Turner Classic Movies
Flynn, Deirdre - Interview
Written by Diana Saenger   

Deirdre Flynn, Errol Flynn's daughter with actress Nora Eddington, was kind enough to consent to an interview in conjunction with the release of Warner Home Video's Errol Flynn: The Signature Collection which contains five all-time favorite films from Errol Flynn including, Captain Blood, The Private Lives of Elizabeth and Essex, The Sea Hawk, They Died with Their Boots On and Dodge City. Exclusive only to this gift set, the collection also contains an all-new feature length documentary The Adventures of Errol Flynn (2005).

Deirdre Flynn was born in 1945 and was the second child born to Flynn after his son Sean from actress Lili Damita. He would have another daughter, Rory, with Eddington, and another daughter, Arnella, with Patrice Wymore.

Deirdre had few years to spend with her famous dad as she was only 14 when he died, but she has many, many fond memories of her father.

Q. Where did you live as a child?

Deirdre: On Mulholland Drive, my father's place. We had six acres and all kinds of animals and horses. It was really fun.

Q. Your dad had already made many of his films by the time you were old enough to know what was going on, when did you become aware of your father's and mother's celebrity?

Deirdre: We were raised normally, our household was very normal. I thought everybody's father made movies. I didn't become aware of his celebrity until I was about 10 or 11. We'd be out in public and everyone would ask for autographs; and I didn't know why they wanted his autograph. We were raised in a non-professional atmosphere. The people who came over were just friends of my parents.

Q. I imagine you met many classic film stars in your home? Did you have a favorite?

Deirdre: We had parties and gatherings, but to us they were just friend. Years later I would look back and go oh wow, that was Gary Cooper. As far as favorites, there was only my dad. I wasn't impressed with anyone because our house was so normal. We weren't sheltered or anything like that. We just lived normal lives.

Q. Did your dad go to Hollywood gatherings?

Deirdre: He didn't hang out, he wasn't a party guy. He was very much a home body, I know that sounds strange with all the publicity about him, but he was just a regular guy at home.

Q. Your dad had an adventurous life, traveling the world and sailing the high sea. Did you ever go on any of his adventures with him?

Deirdre: Not really, but just being here in town was an adventure. Everywhere we went people made a big deal about him.

Q. Did you go on any sets with you dad?

Deirdre: Yes, I was on the set of "Don Juan" and "Montana" and some TV programs. It was fun, except you had to keep quiet. Along with my stunt work, I did a lot of stand in work. People think making movies is glamorous, but it's really not.

Q. Olivia de Havilland explains in the documentary that years after your dad and Bette made The Private Lives of Elizabeth and Essex, she and Davis watched it again and she said to de Havilland, "He was wonderful in the film." What do you know about that?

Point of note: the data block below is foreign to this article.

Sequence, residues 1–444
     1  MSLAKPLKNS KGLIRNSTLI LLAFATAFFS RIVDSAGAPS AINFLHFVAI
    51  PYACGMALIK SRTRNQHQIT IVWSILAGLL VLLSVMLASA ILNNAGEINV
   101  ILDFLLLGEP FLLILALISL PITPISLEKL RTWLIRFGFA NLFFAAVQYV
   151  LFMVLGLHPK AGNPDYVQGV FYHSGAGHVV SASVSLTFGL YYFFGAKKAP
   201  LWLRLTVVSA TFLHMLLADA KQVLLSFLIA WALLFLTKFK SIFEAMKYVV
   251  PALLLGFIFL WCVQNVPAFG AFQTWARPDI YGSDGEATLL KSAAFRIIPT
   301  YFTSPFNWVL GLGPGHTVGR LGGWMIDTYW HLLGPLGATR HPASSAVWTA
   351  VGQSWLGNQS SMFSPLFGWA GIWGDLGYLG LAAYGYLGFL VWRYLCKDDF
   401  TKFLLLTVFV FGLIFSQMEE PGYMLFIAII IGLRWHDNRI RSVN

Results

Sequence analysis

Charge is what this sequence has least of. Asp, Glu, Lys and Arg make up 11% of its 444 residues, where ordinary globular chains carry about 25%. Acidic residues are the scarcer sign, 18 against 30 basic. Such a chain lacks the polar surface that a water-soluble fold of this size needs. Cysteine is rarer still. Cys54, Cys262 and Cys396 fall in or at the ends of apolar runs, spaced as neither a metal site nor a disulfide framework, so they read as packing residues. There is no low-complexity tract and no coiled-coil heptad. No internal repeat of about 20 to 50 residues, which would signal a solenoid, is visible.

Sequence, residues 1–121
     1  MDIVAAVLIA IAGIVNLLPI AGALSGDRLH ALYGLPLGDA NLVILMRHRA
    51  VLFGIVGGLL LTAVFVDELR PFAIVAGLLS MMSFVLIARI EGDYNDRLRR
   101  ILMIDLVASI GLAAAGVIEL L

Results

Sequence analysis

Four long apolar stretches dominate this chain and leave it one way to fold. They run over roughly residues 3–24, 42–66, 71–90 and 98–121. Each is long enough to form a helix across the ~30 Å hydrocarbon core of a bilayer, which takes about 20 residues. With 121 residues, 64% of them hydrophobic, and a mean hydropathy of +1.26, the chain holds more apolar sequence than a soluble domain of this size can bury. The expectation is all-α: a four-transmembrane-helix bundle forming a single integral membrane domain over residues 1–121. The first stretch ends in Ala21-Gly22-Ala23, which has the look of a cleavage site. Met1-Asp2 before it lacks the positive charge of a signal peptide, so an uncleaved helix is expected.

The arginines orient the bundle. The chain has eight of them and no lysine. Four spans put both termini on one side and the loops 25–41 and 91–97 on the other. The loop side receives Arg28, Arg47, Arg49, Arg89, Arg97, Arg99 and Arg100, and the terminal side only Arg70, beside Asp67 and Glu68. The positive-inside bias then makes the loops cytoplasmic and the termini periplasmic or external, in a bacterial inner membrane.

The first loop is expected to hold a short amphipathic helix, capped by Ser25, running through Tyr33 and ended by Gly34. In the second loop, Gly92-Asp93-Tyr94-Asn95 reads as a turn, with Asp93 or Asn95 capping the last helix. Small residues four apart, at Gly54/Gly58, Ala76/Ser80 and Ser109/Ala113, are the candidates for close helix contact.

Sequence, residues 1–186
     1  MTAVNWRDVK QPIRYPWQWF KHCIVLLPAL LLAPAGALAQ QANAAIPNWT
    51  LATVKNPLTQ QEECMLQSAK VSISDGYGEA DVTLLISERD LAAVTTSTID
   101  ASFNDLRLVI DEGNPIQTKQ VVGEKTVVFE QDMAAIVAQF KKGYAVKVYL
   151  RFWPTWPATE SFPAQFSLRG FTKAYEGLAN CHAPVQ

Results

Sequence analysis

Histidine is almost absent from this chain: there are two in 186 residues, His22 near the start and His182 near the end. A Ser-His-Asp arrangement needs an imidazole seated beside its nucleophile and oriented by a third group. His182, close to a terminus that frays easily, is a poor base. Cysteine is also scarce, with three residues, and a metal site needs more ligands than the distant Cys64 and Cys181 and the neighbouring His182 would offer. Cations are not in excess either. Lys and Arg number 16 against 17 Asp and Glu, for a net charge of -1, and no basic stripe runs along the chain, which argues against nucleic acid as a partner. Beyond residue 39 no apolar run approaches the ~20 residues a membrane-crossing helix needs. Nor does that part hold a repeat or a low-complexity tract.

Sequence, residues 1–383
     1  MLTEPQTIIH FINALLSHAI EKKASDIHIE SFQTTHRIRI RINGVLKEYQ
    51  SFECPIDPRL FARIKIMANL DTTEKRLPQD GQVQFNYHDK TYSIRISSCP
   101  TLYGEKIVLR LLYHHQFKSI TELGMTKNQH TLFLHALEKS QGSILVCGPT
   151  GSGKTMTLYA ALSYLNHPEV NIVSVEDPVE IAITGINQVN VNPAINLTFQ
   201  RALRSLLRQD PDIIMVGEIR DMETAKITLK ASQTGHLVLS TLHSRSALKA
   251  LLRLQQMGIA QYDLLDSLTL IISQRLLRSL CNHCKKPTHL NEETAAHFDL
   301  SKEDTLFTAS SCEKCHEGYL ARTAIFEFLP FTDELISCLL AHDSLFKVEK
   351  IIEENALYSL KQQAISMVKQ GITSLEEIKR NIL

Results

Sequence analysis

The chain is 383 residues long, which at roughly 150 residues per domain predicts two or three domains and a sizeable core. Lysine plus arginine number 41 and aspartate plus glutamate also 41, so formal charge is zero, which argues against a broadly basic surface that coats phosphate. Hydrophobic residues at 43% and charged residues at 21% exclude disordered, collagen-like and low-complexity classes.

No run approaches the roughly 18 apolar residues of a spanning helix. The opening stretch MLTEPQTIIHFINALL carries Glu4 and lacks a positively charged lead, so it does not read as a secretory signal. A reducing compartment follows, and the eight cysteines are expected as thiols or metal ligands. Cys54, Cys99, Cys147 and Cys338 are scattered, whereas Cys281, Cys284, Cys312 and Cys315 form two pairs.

Deirdre: She (Davis) once told me that he used to make her crazy because he didn't approach his films the same way she did. She was absolutely a professional where my father always knew his lines, but he didn't like to rehearse that much. He'd walk on the set and say let's go, and he always came through. She also said she really liked him.

Q. Did you really realize he was spiraling downward?

Deirdre: Yeah, you could see it. We had a very open household, and I could have talked to him about it, but he knew what his situation was. It was a little late for me to say anything at that point anyway, and he was pretty much set in his ways during his whole life.

Q. He lived his life to the fullest.

Deirdre: Yes, my dad lived life the way like he wanted. If most of us could only live half our life like he did...

Q. You didn't get to have him around very long.

Deirdre: No, I was almost 15 when he died, but the years that I did have him were wonderful.

Q. In a way you went into show business, too.

Deirdre: I did stunt work for 20 years. I was always very athletic. My father gave me a pony for my fourth birthday so I grew up riding horses and being very athletic. I never had a desire to be actress so I thought stunt work would be a very good job and I enjoyed it very much.

Q. What do you do today?

Deirdre: I work in the video business.

Q. What do you think about the new collection of your father's films?

Deirdre: I think Warner Brothers did a wonderful job on the collection. It's very impressive, and with the set you get the documentary and that's really terrific. I think it's the best things they've done.

Q. What will this do for Errol Flynn fans?

Deirdre: It's a great chance for new fans to discover and cherish him like his classic fans, which is so wonderful. The fans he has just amaze me, and the people that collect his stuff. When I grew up I didn't worship an idol, the pictures on my wall were of horses.

Q. What do you want movie fans to know about your father?

Deirdre: That he was a much better actor than he was given credit for, I think these films, especially the documentary, will point that out, it's very moving, very touching and very informative.




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